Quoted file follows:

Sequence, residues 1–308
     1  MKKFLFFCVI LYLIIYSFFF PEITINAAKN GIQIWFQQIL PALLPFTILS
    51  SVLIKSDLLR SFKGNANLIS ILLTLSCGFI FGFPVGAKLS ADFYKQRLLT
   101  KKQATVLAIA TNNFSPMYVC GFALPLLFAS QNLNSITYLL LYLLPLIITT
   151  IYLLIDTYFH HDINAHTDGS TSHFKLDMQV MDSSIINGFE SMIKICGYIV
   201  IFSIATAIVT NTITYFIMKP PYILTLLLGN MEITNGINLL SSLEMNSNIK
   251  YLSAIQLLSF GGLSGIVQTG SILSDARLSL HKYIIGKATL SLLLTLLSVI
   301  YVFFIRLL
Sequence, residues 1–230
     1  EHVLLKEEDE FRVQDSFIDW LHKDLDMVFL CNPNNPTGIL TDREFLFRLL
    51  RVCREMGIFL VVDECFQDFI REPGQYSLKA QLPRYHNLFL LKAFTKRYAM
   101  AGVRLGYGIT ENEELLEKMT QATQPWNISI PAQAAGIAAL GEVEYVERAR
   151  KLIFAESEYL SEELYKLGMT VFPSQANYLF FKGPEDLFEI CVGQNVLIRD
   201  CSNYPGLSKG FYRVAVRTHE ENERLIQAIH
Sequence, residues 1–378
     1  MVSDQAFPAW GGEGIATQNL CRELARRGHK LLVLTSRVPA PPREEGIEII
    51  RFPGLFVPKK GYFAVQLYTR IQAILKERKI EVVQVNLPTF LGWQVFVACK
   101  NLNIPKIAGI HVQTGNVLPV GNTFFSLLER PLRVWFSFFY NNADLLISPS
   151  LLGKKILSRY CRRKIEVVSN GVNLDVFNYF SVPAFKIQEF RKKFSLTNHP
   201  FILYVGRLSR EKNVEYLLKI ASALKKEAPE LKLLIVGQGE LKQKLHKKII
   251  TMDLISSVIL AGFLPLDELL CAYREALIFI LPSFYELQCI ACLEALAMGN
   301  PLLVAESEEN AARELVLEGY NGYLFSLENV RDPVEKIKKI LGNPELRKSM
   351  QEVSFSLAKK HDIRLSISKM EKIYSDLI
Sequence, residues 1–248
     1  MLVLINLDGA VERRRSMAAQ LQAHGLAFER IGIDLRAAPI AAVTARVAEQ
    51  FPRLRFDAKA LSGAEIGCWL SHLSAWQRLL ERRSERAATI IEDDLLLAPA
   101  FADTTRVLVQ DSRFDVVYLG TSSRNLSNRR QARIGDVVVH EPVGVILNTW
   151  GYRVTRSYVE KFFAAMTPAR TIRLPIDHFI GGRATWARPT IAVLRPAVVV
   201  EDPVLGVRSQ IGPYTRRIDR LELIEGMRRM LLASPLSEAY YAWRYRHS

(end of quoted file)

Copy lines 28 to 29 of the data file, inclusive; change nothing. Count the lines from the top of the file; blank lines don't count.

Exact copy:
   151  GYRVTRSYVE KFFAAMTPAR TIRLPIDHFI GGRATWARPT IAVLRPAVVV
   201  EDPVLGVRSQ IGPYTRRIDR LELIEGMRRM LLASPLSEAY YAWRYRHS